A journal has retracted a paper by a leading diabetes researcher — who has also issued three corrections — after questions about her research were raised on PubPeer.
The ongoing comments have led Maedler to carefully look through her original data, according to a statement she emailed us:
Mistakes have indeed occurred by reusing loading controls from different experiments, which was not apparent to me at the time of publication. We have immediately put the appropriate actions in place to avoid such in the future. Several replicate experiments were provided to the respective journals, which fully confirm scientifically correct data, and we could correct the wrongly placed loading controls in our publications. Journals investigated all provided full blots of the experiments, which led to correction of the data.
I am thankful to the journal editors to have had the opportunity to correct the mistakes publicly and these corrections are in no way altering interpretation of our results and the conclusions of the original papers.
She affirmed that the conclusions in her papers with notices remain valid — including in the newly retracted paper.
Maedler told us that she initially requested a correction for a 2011 Journal of Biological Chemistry paper, but the journal retracted it with this notice, citing duplicated images:
This article has been retracted by the publisher. Fig. 1E contained images that had been reused from the following references (Glas, R., Sauter, N. S., Schulthess, F. T., Shu, L., Oberholzer, J., and Maedler, K. (2009) Purinergic P2X7 receptors regulate secretion of interleukin-1 receptor antagonist and β cell function and survival. Diabetologia52, 1579–1588 and Maedler, K., Schumann, D. M., Sauter, N., Ellingsgaard, H., Bosco, D., Baertschiger, R., Iwakura, Y., Oberholzer, J., Wollheim, C. B., Gauthier, B. R., and Donath, M. Y. (2006) Low concentration of interleukin-1β induces FLICE-inhibitory protein-mediated β-cell proliferation in human pancreatic islets. Diabetes55, 2713–2722), and these reused images represented different experimental conditions.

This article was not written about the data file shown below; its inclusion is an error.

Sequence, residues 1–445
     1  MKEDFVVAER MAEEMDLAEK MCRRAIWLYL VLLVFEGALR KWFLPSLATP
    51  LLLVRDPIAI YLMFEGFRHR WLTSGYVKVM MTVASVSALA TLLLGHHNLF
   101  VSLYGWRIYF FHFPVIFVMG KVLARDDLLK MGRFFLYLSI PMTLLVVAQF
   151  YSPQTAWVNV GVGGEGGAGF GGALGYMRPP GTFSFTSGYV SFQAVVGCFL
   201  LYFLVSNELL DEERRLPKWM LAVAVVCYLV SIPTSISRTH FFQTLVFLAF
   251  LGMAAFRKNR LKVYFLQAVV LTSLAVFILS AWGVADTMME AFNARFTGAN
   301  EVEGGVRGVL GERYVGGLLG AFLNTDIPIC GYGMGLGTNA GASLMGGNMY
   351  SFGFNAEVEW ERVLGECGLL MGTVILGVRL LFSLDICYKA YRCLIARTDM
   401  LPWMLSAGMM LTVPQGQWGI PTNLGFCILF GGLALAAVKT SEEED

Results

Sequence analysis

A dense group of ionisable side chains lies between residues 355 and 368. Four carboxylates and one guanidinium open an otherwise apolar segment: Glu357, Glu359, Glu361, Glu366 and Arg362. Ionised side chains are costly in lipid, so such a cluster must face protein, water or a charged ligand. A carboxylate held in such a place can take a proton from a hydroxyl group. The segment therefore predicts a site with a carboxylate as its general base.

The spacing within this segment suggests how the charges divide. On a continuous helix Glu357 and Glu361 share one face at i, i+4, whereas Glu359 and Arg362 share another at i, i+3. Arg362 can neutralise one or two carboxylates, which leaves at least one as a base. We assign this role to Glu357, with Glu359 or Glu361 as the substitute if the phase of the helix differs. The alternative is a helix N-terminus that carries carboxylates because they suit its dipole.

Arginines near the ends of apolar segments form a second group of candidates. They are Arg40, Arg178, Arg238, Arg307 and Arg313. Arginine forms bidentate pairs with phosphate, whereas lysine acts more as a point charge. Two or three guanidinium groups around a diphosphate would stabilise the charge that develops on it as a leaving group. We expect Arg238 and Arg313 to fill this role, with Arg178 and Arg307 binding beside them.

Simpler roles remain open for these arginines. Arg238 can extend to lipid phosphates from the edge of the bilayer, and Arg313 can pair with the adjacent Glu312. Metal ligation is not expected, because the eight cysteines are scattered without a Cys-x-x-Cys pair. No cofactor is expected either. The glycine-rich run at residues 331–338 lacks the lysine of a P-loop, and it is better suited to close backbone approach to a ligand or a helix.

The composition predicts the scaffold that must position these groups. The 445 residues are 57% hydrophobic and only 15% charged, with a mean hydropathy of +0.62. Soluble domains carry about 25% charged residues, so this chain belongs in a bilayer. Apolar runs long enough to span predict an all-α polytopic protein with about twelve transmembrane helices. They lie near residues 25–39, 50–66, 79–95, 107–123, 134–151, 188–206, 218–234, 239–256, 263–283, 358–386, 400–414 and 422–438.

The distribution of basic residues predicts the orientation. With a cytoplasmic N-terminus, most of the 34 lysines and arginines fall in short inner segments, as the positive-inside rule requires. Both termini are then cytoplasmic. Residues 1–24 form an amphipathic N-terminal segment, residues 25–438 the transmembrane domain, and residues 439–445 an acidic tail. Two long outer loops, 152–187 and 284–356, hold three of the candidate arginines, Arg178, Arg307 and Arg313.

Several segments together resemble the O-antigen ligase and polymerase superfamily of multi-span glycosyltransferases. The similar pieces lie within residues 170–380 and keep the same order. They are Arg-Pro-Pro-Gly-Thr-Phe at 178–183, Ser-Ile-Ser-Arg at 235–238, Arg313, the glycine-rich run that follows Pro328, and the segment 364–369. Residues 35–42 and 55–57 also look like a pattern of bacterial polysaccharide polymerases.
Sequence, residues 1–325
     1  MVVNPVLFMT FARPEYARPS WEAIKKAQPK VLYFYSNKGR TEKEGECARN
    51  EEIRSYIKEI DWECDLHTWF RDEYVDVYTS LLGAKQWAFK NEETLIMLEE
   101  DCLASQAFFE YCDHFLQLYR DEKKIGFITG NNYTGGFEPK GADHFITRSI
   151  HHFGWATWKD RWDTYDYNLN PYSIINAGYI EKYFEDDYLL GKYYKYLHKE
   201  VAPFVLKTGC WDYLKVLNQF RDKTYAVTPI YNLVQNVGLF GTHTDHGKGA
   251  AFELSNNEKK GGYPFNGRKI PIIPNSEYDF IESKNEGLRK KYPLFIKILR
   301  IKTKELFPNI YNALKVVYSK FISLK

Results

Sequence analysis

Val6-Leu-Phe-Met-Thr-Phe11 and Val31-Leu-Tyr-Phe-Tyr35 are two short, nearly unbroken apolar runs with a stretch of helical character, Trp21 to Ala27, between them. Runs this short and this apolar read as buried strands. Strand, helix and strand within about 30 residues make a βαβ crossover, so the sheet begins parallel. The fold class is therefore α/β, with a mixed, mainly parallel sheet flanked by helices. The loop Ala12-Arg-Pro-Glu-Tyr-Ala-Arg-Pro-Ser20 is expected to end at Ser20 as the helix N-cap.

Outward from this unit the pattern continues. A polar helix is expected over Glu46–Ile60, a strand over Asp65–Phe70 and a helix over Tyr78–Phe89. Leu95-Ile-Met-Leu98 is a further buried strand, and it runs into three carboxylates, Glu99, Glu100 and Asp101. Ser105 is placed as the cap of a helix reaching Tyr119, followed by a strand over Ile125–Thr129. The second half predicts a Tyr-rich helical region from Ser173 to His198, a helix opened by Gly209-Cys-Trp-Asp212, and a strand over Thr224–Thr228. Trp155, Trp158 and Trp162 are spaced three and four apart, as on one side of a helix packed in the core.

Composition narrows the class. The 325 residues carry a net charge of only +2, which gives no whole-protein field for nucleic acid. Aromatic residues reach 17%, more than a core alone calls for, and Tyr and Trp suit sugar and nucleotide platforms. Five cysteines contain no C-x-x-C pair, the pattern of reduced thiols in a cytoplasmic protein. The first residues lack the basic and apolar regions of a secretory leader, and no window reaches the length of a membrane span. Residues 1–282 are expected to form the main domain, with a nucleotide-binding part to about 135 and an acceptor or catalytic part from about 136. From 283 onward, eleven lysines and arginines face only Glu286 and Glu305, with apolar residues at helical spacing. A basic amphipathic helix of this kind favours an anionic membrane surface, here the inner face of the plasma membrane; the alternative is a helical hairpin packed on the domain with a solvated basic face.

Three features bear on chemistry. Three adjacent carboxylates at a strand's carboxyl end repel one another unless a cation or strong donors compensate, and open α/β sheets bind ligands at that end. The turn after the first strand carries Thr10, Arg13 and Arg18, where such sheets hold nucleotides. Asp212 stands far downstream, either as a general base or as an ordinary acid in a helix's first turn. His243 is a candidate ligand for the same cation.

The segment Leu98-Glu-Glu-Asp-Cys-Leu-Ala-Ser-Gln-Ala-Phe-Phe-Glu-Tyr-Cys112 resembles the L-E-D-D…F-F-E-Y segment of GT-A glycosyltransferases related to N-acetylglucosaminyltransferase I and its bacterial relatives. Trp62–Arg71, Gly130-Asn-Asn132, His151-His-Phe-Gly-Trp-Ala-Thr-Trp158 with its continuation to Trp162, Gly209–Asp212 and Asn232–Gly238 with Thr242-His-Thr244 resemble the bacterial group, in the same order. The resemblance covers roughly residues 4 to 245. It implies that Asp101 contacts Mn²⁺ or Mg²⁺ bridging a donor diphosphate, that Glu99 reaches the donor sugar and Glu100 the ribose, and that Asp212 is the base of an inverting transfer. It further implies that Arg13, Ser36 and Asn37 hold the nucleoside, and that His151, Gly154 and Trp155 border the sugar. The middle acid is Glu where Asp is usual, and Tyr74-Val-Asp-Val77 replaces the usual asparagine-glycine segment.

“Neutralizing interleukin 1β (IL-1β) induces β-cell survival by maintaining PDX1 protein nuclear localization” has been cited 17 times, according to Thomson Reuters Web of Science.
According to Maedler’s statement, the duplications were “mistakes”:
Errors in the images in Fig.1E occurred in the Histone H3-band and the Tubulin-band. Both bands do originally not belong as house keeping controls to this experiment from 2007, but were duplicated from another experiment. I have not detected the mistakes myself at the time of submission and even thereafter. In light of erroneously misplaced loading controls and because I was not confident with loading controls for the published experiment from Fig.1E panel, we provided three independent replica to JBC, which show similar findings and support our published data, and asked for a correction of Fig.1E from JBC…Since then, many independent labs reproduced our data upon our publication and PDX1 shuttling and reduction in diabetes was confirmed in numerous in vivo and in vitro models…
That wasn’t enough for the journal, apparently, Maedler noted:
Despite presenting full blots of multiple parallel experiments as well as presentation of the same scientific result using multiple model systems, which fully confirm our published data, the correction was not accepted by JBC and the paper was retracted.
Kaoru Sakabe, the publishing manager of JBC, could not comment on this specific case, but told us that:
…corrections are deemed appropriate by the journal’s editors when after an internal investigation, it is determined that the error does not affect the results or conclusions of the work.
Maedler said that she feels she is being targeted based on the response she received following the JBC retraction: